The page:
Crisfield -- A breeze coming off the bay was welcome relief to Gorman Abbott as he served up plate after plate of fried clams to the people who jammed the Somer's Cove Marina last month.
The annual J. Millard Tawes Crab and Clambake, which drew almost 5,000 people, is Somerset County at its crab, clam and oyster, corn, beer and bayside best. But like a beautiful coat worn only once a year, the festival deceives. Its abundant natural beauty notwithstanding, Crisfield sits at the southern end of one Maryland's most economically depressed counties.
Two years ago, when the Mrs. Paul's frozen seafood and vegetables plant here closed, almost 250 people were laid off, but Mr. Abbott was one of the lucky ones. The 21-year employee got a job at the company's Salisbury plant 36 miles away. Even so, the work hasn't been steady. "I've been off all month," the 47-year-old Crisfield native said.
Somerset is still reeling from the Mrs. Paul's closing and from smaller ones before and since. The county's jobless rate -- 9 percent in June -- is consistently among the highest in Maryland.
A combination of state and local initiatives -- including a new multimillion-dollar prison -- has helped a bit. And some officials are optimistic that eventually the area will thrive on the largess of tourists and retirees.
But places such as Somerset, with their remote location, reliance on dwindling natural resources and paucity of industry, pose a challenge for government officials across the country: how to bring a low-tech area into an increasingly high-tech economy. And county residents understand that government programs go only so far -- what they need most right now is employers and jobs.
Robert Custis understands. His job in the state unemployment office in Princess Anne, the county seat, is finding work for veterans. Somerset is a great place to live only if you've settled down, he says.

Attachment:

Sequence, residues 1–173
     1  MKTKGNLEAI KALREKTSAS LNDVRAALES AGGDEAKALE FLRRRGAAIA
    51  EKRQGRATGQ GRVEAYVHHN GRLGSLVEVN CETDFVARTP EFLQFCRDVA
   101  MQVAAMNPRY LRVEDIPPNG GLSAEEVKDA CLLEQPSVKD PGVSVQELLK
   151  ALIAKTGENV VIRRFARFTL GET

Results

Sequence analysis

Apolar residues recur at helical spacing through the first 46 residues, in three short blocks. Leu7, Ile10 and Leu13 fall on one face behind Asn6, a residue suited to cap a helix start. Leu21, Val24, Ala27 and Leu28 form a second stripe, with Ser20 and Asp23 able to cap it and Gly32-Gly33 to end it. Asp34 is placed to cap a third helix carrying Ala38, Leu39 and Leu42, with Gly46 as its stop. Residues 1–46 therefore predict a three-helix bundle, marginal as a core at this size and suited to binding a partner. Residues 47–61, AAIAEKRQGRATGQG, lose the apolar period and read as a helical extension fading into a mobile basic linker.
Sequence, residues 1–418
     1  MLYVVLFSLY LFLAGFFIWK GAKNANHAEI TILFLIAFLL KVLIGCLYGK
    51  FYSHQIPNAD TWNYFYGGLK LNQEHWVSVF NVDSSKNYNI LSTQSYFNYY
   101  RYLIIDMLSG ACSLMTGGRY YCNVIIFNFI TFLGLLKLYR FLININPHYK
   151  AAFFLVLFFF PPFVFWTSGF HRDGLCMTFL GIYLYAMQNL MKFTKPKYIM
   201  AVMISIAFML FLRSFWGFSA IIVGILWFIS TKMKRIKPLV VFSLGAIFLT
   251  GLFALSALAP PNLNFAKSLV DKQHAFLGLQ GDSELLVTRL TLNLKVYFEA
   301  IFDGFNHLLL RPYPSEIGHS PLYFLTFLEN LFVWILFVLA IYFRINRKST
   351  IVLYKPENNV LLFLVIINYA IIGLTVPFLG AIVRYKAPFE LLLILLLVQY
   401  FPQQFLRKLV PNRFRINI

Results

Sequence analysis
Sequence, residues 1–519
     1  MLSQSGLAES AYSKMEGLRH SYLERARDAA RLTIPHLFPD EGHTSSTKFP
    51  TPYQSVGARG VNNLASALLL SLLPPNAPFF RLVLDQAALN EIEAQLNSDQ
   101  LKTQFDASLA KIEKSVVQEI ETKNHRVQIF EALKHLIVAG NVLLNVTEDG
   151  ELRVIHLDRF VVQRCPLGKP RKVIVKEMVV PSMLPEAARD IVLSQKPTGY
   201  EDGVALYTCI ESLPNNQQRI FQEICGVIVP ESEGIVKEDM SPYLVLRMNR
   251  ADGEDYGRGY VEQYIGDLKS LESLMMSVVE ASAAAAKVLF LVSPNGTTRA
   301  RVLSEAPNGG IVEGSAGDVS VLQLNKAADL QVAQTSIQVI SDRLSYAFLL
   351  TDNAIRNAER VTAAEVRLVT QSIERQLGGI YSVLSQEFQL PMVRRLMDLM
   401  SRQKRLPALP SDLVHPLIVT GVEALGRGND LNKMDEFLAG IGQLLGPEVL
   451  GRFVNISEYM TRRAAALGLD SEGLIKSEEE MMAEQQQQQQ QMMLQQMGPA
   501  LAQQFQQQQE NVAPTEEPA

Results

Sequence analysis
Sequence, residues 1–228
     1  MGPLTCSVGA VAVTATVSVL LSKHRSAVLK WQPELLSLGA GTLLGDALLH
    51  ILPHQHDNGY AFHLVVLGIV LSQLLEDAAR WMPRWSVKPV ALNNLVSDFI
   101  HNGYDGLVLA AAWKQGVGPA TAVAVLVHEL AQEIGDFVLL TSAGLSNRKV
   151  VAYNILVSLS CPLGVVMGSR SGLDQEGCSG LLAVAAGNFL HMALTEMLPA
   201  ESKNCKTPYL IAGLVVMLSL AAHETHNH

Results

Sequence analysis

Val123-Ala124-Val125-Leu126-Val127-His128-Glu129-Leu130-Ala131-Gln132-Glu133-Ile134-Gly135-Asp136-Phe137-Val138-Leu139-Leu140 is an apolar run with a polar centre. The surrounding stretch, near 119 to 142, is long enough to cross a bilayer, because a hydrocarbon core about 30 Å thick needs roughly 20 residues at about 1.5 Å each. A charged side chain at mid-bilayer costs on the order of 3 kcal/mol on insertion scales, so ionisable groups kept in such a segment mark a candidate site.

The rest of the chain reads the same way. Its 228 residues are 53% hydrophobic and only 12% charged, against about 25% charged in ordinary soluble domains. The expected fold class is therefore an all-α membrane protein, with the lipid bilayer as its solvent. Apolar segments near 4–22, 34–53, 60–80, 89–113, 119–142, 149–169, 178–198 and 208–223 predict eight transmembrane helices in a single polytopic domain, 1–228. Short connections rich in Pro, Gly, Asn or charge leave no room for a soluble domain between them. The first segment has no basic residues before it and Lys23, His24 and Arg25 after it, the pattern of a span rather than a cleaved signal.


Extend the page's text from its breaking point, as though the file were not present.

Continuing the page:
"Are you tied to this area?" Mr. Custis asks a client on a drizzly Monday morning. The client, a Vietnam veteran, has been looking for work since May, when he returned to Princess Anne from Georgia. "Other than seafood, we really don't have anything in Somerset County. Well, you know that, 'cause you live here," says Mr. Custis, who lives in Nanticoke, in Wicomico County.
Ultimately, Mr. Custis gives the veteran an application for a job atthe Eastern Correctional Institution, a state prison built outside Princess Anne in 1987. The prison supports about 725 relatively high-paying jobs. "The prison really helped us because it is a firm foundation for employment," says Charles Massey, county administrator.
Still, the prison's tremendous water and sewage demands have left diminished capacity for companies and have hurt the county's efforts to market a nearby industrial park. ECI now is building its own sewage and wastewater treatment facilities.
"We were made so many promises when ECI was built," says Bonita N. Porter, who owns the Woodrow Wilson Nelson Realty (( company in Princess Anne. She says the prison hasn't brought the revenues some had predicted. "I think a lot of people thought they would become millionaires overnight, and that hasn't really happened."
Part of the problem, say Ms. Porter and others, is that environmental laws such as the federal non-tidal wetlands regulations handcuff residential and commercial developers. But state officials disagree, arguing that the county is drawing little interest from developers in the first place.
That's not from lack of trying, they add. Marketing representatives from the state Department of Economic and Employment Development touted the Lower Eastern Shore at a recent trade show in New Jersey. The quasi-public Maryland Economic Development Corp. is negotiating to lease a service center to Blue Cross and Blue Shield of Maryland; it would employ about 15 to 20 people initially. And the state found some money to help expand the Somer's Cove Marina in Crisfield and to relocate the visitors' center to a better location in Princess Anne.
tTC The state also helped revive the Carvel Hall cutlery plant in Crisfield. When the plant closed two years ago, just a week after the Mrs. Paul's closing, 68 jobs were lost. The combination was shocking in such a small county -- the loss of 300-plus workers was comparable to Baltimore losing more than 10,000 jobs in one week.
When Carvel Hall closed, the state moved in immediately with employee assistance and retraining programs and a $950,000 grant. And when James A. Hart, the former plant manager, helped find an investor to buy the plant and reopen it last year, two DEED programs came through with crucial financing: $2.375 million in loans and loan guarantees.
"They have been excellent. They have done a super job," says Mr. Hart, now president of the new company, which employs 32 full-time and 13 part-time workers. While he struggles to pull the company through the recession, he plans to use a federal loan of $290,000 for expansion opportunities.